The epigenetic landscape of transgenerational acclimation to ocean warming


Epigenetic inheritance is a potential mechanism by which the environment in one generation can influence the performance of future generations1. Rapid climate change threatens the survival of many organisms; however, recent studies show that some species can adjust to climate-related stress when both parents and their offspring experience the same environmental change2,3. Whether such transgenerational acclimation could have an epigenetic basis is unknown. Here, by sequencing the liver genome, methylomes and transcriptomes of the coral reef fish, Acanthochromis polyacanthus, exposed to current day (+0 °C) or future ocean temperatures (+3 °C) for one generation, two generations and incrementally across generations, we identified 2,467 differentially methylated regions (DMRs) and 1,870 associated genes that respond to higher temperatures within and between generations. Of these genes, 193 were significantly correlated to the transgenerationally acclimating phenotypic trait, aerobic scope, with functions in insulin response, energy homeostasis, mitochondrial activity, oxygen consumption and angiogenesis. These genes may therefore play a key role in restoring performance across generations in fish exposed to increased temperatures associated with climate change. Our study is the first to demonstrate a possible association between DNA methylation and transgenerational acclimation to climate change in a vertebrate.

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Fig. 1: Experimental design and summary of the DMRs.
Fig. 2: Differential methylation patterns.
Fig. 3: Heatmaps of differentially methylated and net aerobic scope-correlated genes.
Fig. 4: DNA methylation patterns for thermal acclimation.


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This study was supported by the Competitive Research Funds OCRF-2014-CRG3-62140408 from the King Abdullah University of Science and Technology. This project was completed under JCU Ethics A1233 and A1415. T.Ryu acknowledges the support from the APEC Climate Center. P.L.M. was supported by the Australian Research Council (ARC) and P.L.M., H.D.V. and J.M.D. were supported by the ARC Centre of Excellence for Coral Reef Studies. We thank C. Ortiz Alvarez and E. J. Steinig (James Cook University) for assisting genomic DNA extraction for methylome sequencing. Figures were enhanced by I. Gromicho, scientific illustrator at King Abdullah University of Science and Technology (KAUST).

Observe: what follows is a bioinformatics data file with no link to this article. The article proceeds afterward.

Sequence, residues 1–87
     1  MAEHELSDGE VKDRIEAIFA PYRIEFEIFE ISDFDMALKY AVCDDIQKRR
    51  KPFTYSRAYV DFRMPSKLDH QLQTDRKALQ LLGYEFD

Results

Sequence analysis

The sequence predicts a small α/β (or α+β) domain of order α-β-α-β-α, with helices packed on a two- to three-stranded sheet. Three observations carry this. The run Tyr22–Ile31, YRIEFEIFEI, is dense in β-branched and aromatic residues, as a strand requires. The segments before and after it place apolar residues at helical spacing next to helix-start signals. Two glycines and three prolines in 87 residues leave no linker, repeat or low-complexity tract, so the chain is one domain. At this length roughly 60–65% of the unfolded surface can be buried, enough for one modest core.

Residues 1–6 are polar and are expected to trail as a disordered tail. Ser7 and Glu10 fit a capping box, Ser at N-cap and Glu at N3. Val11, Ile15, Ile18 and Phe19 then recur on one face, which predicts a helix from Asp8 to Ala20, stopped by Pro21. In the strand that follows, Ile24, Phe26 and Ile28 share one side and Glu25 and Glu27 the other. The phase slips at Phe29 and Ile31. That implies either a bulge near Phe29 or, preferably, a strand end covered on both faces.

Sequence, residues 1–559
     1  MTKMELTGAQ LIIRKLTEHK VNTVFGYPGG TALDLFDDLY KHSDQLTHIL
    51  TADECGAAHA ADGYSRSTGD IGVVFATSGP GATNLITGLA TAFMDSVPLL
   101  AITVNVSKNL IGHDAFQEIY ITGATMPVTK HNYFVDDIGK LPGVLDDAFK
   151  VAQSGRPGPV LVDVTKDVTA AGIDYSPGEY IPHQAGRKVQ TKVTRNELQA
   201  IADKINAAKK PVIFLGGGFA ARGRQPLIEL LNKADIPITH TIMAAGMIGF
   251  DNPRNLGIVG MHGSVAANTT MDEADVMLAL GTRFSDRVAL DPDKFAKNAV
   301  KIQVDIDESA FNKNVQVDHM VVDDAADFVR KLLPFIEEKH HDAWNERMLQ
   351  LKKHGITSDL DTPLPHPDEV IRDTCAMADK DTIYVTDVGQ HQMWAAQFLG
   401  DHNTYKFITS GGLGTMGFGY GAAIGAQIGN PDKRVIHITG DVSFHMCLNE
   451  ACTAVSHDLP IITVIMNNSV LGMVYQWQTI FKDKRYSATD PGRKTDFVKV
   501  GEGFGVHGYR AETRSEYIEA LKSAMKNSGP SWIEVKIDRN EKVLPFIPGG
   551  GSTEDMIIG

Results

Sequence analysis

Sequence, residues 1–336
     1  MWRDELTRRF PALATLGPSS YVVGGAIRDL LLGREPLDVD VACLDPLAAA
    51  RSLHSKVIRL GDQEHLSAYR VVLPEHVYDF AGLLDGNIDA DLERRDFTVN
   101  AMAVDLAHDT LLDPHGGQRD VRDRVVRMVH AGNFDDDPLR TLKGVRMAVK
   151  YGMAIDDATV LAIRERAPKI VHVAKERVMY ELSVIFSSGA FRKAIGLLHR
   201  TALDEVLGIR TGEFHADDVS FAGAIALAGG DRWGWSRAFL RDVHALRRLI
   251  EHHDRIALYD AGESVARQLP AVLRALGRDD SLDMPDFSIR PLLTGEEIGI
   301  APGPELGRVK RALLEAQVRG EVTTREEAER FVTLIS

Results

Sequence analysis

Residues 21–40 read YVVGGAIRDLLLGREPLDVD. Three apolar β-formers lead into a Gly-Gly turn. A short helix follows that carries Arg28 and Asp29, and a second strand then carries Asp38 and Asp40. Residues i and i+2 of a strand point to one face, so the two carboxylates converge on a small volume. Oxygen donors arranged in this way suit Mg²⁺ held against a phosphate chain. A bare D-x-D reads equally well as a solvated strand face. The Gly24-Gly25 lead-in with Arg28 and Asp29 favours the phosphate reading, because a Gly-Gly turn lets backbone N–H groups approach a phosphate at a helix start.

Author information




J.M.D. managed the fish rearing experiments and performed metabolism experiments. H.D.V. prepared samples for sequencing. H.D.V. extracted nucleic acids for genome and transcriptiome. T.Ryu extracted nucleic acids for methylome sequencing. T.Ryu, H.D.V. and J.M.D. selected samples for sequencing. T.Ryu designed and performed the computational analysis. T.Ryu and H.D.V. interpreted the results. T.Ryu, T.Ravasi, P.L.M., H.D.V. and J.M.D. wrote the manuscript. T.Ravasi and P.L.M. supervised the overall project.

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Correspondence to Philip L. Munday or Timothy Ravasi.

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Supplementary Information

Supplementary Figures 1 & 2, Supplementary Tables 1–3, 5, 6, 8, 9

Supplementary Table 4

Genomic coordinates of identified differentially methylated regions (DMRs)

Supplementary Table 7

Differentially methylated and net aerobic scope (NAS)-correlated gene information

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Ryu, T., Veilleux, H.D., Donelson, J.M. et al. The epigenetic landscape of transgenerational acclimation to ocean warming. Nature Clim Change 8, 504–509 (2018).

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